1. Ultrasound
3. New PLAN!!
4. Dolls

1. ULTRASOUND: So as you may know, based on the ongoing saga of wombs and ovaries and babies that I've related in past entries, I had to visit the health centre here at school for one last checkup on my ovarian cyst. This time, I took Nathan with me (we had both been priviledged to see Amia Carmen Allmart ultrasounded in her mommy's womb a few days prior) so he could see what all was going on inside of me!

First of all there were no babies there. I want to warn the reader at this point that one side effect of using natural birth control is that you aren't given the 100% assurance (or 90%, as it is with most other types) that you will not become pregnant, and so these entries will be riddled with worries about babies. And each time, they're just false alarms. I'm a worrier, to which my mother and grandmother can attest.

Secondly, everything was back to normal - the 13 ounces of fluid in the cul-de-sac (such a funny name) were gone, and both of those ovaries were around 4 square inches (last time, the left one was over twice that size). SO HOORAY HOORAY! I also learned from my mother, on whom I've relied for health infomration for all my 24 (almost) years, and who said, "Oh no!" when I first told her about my cyst (not a good sign from a biologist), that my paternal aunt has had similar issues, and that made me feel a little better. It is good to know that you aren't the only one in the worlds with a certain problem, and even better to know that someone in your family has gone through a similar time.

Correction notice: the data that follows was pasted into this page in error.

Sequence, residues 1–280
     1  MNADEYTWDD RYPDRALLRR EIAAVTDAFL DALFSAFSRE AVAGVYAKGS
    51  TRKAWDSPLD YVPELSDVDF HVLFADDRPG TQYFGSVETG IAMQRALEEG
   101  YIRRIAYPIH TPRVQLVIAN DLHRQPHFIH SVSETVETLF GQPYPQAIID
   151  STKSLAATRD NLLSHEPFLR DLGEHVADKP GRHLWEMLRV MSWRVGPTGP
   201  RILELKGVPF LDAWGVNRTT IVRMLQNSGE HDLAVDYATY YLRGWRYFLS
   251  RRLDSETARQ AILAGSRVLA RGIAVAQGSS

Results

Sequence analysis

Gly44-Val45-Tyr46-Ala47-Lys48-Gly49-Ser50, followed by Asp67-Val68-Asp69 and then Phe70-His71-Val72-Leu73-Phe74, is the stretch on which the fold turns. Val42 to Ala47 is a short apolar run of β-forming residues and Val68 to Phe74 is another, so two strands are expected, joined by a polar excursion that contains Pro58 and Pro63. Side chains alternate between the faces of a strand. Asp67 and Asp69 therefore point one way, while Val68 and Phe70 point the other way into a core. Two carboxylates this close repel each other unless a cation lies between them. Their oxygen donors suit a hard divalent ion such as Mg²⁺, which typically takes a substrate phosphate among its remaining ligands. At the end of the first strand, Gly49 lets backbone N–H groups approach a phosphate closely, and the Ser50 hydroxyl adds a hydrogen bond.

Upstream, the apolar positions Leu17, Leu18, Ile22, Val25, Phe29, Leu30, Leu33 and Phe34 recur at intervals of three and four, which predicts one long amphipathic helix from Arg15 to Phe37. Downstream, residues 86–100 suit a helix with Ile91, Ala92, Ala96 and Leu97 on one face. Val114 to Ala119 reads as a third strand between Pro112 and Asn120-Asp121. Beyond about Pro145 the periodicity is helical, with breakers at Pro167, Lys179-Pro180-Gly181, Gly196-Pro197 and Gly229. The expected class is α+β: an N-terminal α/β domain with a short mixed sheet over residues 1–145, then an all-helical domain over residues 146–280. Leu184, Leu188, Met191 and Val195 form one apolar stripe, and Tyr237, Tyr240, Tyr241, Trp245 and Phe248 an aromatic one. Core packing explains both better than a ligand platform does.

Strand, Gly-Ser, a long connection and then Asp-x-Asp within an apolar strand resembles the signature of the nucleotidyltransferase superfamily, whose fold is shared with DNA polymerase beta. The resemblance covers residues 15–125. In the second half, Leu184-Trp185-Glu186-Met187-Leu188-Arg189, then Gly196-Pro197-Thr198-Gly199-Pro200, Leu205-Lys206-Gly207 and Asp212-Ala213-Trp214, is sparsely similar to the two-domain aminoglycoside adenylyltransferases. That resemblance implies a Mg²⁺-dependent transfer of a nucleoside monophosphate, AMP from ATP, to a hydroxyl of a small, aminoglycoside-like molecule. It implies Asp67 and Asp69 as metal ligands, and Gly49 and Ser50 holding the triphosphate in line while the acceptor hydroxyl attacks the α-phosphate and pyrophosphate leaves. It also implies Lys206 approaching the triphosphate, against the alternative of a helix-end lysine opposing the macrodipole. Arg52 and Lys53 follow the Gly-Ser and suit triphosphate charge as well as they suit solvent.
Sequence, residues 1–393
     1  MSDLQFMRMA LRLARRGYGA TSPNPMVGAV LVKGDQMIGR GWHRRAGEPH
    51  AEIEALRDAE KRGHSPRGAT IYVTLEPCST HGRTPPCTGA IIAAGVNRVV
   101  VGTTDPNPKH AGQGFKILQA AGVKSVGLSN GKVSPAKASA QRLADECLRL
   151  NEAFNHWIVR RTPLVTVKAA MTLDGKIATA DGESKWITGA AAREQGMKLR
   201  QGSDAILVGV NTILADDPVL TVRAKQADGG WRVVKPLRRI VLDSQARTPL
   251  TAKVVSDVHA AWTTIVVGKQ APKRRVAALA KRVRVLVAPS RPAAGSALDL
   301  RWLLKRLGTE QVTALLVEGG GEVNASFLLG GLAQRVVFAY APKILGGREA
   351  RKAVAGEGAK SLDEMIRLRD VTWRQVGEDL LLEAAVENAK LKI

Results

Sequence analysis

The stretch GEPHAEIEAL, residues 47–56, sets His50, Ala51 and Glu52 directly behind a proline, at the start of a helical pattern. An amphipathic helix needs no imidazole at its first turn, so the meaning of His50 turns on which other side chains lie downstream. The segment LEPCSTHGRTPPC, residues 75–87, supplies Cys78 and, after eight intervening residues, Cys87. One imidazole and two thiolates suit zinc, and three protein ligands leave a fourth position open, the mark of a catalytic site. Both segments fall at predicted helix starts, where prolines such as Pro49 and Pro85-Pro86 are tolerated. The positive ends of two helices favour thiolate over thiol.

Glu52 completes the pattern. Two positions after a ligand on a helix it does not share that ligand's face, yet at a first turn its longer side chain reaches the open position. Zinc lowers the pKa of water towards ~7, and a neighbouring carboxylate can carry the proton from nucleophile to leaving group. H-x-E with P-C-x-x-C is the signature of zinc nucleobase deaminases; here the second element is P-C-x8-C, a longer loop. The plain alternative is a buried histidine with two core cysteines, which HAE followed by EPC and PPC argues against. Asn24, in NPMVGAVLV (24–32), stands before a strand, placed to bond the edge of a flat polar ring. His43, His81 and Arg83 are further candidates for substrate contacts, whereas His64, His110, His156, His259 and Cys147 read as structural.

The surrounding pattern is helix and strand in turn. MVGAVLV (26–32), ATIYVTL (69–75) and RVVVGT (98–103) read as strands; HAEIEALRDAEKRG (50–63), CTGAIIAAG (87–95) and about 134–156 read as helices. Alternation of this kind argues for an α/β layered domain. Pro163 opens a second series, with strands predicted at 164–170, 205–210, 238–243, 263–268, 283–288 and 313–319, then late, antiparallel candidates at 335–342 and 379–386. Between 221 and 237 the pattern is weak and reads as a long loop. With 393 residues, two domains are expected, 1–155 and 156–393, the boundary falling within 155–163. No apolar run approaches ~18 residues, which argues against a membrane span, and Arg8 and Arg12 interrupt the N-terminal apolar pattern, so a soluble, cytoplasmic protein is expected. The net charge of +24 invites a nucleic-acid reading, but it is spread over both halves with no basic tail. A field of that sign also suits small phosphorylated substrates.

2. IKEA - Here's a funny story: we got a new bed. From IKEA. In Chicago. And we brought it home tied to our little Kia Rio Cinco. In the rain. It took 5 hours. It ususally takes 2 and a half.

And, when we finally did get home at 9.30 PM from what had initially begun as a morning excursion, we found that although I'd measured the hallway and the doors to make sure we could get the bed inside our apartment (thanks to an earlier bout with a long couch - ask my dad about that), I'd neglected to measure our bedroom, assuming a bed would fit in it, when in fact, the bed frame was 2 inches too long.

2 inches.

The mattress fit, but the frame didn't. Whereupon we bought 9 cinderblocks and some particle board from the local hardware store and propped that badboy up on blocks. It still smells a bit like a lumber yard, but it's a far cry better than the lumpy matresses we used to sleep on!

3. NEW PLAN!! Last Sunday was Naw Ruz (which means New Year in Persian), and which is the New year for Baha'is as well! A New Year means a New Plan, or at least that's how we saw it.